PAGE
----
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Posted by on Mar 16, 2020 in Hodgkin's lymphoma | 0 comments

In a nutshell

This study evaluated the long-term outcomes of patients with classical Hodgkin’s lymphoma (cHL) that came back after an autologous stem cell transplant (autoSCT). This study found that advancements in treatment have helped improve survival outcomes for patients.

Some background

Chemotherapy is usually the first-line treatment of choice for patients with cHL. For patients whose cancer relapses (returns), autoSCT is the standard of care. This type of SCT uses a patient’s stem cells to replace cancer cells with healthy cells. cHL that comes back after autoSCT can be challenging to treat.

Several therapies have become more common in treating relapsed cHL. One option is allogeneic SCT, which uses stem cells from a healthy donor. Targeted therapy is also used. Brentuximab vedotin (BV) uses antibodies to deliver chemotherapy only to cancer cells. Checkpoint inhibitors, such as pembrolizumab (Keytruda), help the immune system recognize and fight cancer cells. It is unclear how these treatments have changed outcomes for patients who relapse after autoSCT.

Methods & findings

This study involved 215 patients with cHL that relapsed after autoSCT. Patients were divided into two groups. 118 patients (Group A) experienced relapse between 2005 and 2010. 97 patients (Group B) experienced relapse between 2010 and 2016.

Among patients who relapsed within a year of autoSCT, fewer patients were still alive 5 years later compared to patients who relapsed later (32% vs. 57%). Patients in Group B had a 41% longer survival without relapse after autoSCT compared to Group A.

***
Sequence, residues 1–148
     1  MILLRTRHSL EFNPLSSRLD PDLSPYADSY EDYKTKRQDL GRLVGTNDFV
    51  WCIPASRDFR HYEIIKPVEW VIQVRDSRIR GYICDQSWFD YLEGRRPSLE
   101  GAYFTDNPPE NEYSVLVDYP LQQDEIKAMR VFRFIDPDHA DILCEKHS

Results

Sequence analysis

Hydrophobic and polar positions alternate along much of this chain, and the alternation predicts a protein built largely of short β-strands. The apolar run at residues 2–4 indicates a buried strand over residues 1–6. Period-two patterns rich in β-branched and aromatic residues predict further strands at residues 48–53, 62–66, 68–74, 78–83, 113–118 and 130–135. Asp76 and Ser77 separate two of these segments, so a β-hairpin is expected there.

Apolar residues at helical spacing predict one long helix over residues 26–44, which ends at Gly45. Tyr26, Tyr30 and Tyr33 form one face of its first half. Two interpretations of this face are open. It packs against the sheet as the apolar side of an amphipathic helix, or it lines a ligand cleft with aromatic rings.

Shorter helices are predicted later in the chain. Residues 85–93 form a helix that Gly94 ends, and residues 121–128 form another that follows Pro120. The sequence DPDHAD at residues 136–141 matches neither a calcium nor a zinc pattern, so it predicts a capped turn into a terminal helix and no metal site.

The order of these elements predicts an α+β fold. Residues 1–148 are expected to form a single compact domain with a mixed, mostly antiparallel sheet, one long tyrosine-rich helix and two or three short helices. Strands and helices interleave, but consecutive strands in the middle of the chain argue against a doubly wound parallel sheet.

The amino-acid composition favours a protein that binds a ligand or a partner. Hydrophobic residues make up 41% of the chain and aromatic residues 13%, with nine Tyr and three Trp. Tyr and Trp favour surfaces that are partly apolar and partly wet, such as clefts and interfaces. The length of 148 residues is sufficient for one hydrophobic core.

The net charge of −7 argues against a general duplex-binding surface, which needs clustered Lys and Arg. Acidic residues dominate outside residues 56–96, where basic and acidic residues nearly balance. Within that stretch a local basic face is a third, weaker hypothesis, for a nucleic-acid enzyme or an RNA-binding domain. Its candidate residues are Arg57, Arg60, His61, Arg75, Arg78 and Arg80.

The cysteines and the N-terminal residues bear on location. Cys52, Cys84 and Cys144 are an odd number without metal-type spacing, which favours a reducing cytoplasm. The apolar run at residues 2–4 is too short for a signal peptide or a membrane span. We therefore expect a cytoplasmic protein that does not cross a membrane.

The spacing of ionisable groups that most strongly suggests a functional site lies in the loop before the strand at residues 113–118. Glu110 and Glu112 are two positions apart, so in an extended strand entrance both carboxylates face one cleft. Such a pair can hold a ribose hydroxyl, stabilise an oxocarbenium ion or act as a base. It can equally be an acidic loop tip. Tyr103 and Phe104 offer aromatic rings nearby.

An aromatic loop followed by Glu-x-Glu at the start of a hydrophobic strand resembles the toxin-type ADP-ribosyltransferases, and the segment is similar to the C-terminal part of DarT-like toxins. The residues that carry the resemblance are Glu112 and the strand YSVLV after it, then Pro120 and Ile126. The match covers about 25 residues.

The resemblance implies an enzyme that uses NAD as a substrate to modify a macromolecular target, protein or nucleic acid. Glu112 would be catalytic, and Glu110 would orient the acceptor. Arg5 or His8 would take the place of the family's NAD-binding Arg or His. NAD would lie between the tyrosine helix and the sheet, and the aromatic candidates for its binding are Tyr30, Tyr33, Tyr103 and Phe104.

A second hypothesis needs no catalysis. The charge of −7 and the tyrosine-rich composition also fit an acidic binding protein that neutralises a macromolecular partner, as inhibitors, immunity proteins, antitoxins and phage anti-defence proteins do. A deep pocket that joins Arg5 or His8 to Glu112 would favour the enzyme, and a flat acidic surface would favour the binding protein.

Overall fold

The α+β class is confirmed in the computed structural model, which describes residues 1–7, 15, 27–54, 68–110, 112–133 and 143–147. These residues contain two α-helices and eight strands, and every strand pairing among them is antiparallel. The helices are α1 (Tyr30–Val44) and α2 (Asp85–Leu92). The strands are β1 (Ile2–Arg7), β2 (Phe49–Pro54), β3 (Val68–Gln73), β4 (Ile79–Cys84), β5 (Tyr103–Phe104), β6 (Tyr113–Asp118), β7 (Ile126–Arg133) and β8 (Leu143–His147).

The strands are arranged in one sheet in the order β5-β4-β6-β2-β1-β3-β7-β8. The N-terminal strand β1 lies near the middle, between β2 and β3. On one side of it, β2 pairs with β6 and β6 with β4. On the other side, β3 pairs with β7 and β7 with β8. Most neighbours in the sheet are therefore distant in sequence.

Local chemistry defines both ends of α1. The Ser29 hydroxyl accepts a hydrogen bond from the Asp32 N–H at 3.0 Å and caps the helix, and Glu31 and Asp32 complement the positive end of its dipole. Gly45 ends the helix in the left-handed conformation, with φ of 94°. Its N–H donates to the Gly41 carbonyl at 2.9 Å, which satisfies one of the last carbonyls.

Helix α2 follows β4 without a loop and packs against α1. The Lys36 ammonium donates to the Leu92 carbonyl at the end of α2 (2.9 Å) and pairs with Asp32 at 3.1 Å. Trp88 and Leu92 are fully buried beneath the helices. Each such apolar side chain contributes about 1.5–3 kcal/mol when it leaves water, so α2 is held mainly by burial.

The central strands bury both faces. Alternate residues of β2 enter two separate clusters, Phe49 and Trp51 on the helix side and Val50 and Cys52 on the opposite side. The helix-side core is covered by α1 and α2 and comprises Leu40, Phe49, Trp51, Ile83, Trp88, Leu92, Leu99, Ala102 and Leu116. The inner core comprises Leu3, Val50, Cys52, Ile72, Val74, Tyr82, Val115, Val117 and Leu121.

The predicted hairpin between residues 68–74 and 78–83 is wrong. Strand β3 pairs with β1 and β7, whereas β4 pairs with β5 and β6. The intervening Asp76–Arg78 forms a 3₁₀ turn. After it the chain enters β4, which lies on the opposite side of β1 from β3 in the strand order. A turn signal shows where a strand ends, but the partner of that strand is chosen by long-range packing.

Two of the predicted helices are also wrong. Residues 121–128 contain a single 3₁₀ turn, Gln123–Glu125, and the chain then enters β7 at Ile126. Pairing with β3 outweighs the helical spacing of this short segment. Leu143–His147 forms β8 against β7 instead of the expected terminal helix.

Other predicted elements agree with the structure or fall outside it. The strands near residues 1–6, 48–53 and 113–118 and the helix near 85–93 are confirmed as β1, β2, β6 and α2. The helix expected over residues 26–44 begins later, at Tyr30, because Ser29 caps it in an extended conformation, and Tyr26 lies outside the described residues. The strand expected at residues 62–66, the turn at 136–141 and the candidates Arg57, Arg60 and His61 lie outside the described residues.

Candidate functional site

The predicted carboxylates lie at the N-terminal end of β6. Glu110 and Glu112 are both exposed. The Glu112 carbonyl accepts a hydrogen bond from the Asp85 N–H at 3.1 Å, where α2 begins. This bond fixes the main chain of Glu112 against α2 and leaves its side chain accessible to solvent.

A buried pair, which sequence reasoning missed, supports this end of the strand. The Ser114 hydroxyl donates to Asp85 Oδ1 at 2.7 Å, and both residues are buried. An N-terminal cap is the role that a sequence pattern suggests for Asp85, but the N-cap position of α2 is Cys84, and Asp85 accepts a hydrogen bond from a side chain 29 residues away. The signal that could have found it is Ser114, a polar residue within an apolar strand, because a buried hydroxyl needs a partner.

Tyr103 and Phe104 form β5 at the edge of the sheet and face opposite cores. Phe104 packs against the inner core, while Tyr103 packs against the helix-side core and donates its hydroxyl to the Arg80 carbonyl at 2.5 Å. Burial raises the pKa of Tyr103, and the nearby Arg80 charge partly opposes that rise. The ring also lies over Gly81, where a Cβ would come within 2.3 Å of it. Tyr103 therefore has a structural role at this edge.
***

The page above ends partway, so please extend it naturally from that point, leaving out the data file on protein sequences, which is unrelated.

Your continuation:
After relapse, patients had an average of 2 lines of therapy after autoHCT. More patients in Group B received BV (69%) or checkpoint inhibitors (36%) compared to patients in Group A (55%, BV and 3%, inhibitors).

Overall, 27% of all patients underwent alloHCT. More patients in Group B had alloSCT compared to Group A (35% vs. 22%). On average, patients survived for 14.2 months without the cancer getting worse.

Overall, 38% of all patients were still alive 5 years later. Significantly more patients in Group B were still alive 5 years later compared to Group A (50% vs. 32%).

The bottom line

This study found that advancements in treatment have helped improve survival outcomes for patients. The authors suggest that this may be due to more treatment options and increased use of alloHCT.

The fine print

This study included a small number of patients and looked back in time to analyze data. More studies are needed.

Published By :

Blood advances

Date :

Jan 14, 2020

Original Title :

Trends in postrelapse survival in classic Hodgkin lymphoma patients after experiencing therapy failure following auto-HCT.

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